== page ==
Its strength and resilience are greater than many realise, but there are real signs of strainby William Patey / November 11, 2015 / Leave a comment
There are reasons to be worried, and more than usual, but we should not exaggerate them. Saudi Arabia’s resilience is hugely underappreciated. But while the risk is small, the consequences for us would be calamitous. That is the real reason to worry—and there is quite a bit we can do to help.
Other governments have always worried about Saudi Arabia. I have never known a period when they did not. In the mid-1990s, everybody was worried because of low oil prices and the beginnings of terrorist activity, about which the Saudis were initially in denial. As western officials and diplomats, we were also going through the post-mortem of why we had not predicted the fall of the Shah in Iran, and the risk of being complacent was seared in all our minds. All the same, nearly every British ambassador had to spend a lot of time arguing to Whitehall that, contrary to its fears, Saudi Arabia was not about to collapse.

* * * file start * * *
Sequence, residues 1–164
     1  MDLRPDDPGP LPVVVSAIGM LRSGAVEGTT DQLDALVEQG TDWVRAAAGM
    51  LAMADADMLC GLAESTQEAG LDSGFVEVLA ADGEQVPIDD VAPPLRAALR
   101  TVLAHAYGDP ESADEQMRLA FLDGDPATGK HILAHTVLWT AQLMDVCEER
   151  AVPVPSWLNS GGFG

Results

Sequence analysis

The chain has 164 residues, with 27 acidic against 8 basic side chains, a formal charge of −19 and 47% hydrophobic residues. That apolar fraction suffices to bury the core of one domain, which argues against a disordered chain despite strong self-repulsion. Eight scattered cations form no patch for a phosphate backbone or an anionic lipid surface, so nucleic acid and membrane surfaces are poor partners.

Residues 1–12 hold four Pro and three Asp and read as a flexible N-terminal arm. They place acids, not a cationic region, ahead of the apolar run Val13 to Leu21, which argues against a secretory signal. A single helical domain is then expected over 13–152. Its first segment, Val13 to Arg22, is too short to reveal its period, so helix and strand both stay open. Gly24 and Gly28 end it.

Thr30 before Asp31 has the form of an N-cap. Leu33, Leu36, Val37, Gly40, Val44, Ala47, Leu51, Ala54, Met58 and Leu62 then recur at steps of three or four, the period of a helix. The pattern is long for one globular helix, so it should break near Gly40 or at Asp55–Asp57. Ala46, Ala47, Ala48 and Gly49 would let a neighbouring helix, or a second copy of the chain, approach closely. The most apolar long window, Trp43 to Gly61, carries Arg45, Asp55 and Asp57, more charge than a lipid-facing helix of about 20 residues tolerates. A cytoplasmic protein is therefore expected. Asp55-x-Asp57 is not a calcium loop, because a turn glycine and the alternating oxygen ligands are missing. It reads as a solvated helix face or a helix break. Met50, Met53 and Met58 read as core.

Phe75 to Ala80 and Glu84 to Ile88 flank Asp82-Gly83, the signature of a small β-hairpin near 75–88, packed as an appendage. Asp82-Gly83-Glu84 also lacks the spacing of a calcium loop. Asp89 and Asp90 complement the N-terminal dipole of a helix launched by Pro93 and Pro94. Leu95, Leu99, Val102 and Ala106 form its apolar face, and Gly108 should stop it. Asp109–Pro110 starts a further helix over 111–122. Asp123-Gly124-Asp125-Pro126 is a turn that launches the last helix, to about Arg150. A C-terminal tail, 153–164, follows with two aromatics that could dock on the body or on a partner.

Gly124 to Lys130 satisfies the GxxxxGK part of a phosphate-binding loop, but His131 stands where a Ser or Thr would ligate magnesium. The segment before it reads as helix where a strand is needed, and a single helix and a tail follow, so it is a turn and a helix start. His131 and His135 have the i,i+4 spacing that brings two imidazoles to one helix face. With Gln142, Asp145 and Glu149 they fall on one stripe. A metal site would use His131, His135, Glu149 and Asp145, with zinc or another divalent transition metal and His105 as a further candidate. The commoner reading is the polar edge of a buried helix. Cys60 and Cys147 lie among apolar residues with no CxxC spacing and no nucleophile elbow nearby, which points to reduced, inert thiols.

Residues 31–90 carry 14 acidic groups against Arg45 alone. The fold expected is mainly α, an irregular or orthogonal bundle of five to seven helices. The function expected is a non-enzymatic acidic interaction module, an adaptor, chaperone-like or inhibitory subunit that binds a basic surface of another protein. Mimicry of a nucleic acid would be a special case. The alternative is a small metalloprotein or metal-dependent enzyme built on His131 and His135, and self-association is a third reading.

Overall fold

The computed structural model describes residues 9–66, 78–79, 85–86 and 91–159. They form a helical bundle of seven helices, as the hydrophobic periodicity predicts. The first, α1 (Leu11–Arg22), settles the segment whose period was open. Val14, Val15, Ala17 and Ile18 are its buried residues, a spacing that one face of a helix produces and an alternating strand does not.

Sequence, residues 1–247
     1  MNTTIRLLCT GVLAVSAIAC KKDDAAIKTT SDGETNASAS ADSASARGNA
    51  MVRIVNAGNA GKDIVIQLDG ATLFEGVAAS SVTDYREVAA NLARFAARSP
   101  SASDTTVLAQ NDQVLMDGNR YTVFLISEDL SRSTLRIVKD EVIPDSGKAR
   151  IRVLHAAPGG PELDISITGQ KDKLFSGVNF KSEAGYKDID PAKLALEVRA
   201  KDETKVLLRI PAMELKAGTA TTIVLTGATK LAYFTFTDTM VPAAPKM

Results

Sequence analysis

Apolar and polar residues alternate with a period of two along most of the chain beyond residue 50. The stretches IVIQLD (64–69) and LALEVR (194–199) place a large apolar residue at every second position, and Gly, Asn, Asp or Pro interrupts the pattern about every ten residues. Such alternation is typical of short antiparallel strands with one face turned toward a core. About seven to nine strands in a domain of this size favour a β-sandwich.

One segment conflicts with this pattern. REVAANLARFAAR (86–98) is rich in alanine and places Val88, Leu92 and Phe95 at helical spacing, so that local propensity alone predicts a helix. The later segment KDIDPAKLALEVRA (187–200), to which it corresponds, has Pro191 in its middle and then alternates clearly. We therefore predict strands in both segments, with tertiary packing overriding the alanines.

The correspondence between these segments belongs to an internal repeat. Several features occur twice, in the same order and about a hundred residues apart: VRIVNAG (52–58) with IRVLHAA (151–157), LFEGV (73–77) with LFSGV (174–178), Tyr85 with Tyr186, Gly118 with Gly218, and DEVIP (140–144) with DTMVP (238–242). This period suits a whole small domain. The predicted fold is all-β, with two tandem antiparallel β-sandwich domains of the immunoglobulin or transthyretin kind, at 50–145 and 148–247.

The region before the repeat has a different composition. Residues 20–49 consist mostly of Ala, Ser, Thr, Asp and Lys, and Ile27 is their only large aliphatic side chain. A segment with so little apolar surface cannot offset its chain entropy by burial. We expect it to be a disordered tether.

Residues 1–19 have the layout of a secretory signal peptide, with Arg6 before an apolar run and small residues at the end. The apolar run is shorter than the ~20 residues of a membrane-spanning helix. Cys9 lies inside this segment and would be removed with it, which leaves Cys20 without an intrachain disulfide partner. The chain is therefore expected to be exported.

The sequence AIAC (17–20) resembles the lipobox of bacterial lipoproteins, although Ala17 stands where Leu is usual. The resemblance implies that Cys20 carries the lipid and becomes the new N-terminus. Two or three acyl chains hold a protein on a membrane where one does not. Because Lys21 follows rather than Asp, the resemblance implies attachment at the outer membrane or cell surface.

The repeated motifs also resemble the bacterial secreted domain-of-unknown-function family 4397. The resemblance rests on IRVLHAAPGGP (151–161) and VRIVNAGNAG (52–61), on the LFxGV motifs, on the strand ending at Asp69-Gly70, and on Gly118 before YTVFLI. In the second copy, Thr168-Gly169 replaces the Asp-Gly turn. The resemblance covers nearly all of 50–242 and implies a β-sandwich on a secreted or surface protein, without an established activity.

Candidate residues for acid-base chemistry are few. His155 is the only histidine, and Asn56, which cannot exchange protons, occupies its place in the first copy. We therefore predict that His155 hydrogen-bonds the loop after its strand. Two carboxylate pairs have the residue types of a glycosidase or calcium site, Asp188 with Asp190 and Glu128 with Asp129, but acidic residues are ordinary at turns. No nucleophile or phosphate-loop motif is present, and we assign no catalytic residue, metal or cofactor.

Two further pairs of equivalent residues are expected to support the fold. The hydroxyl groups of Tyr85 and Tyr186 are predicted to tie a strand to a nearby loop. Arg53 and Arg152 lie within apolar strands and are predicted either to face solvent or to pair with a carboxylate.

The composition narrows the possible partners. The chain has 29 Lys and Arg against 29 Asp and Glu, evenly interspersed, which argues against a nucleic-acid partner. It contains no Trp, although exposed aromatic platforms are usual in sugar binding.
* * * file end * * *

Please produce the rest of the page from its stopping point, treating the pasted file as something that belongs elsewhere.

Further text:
Nobody predicted the Arab Spring, but it did not surprise me that Saudi Arabia has proved resilient in the face of that upheaval. If you look at what was common to the republics that fell—I call them republics kindly, but they were more like republican dictatorships—it was that they had become family dictatorships built around one man, their leadership had become sclerotic, they had lost the confidence of the elites around them and they began to mismanage their economies. There was brutal oppression in order to stay in power, and widespread resentment towards the sons of the dictators, combined with an unwillingness among the army and the elites…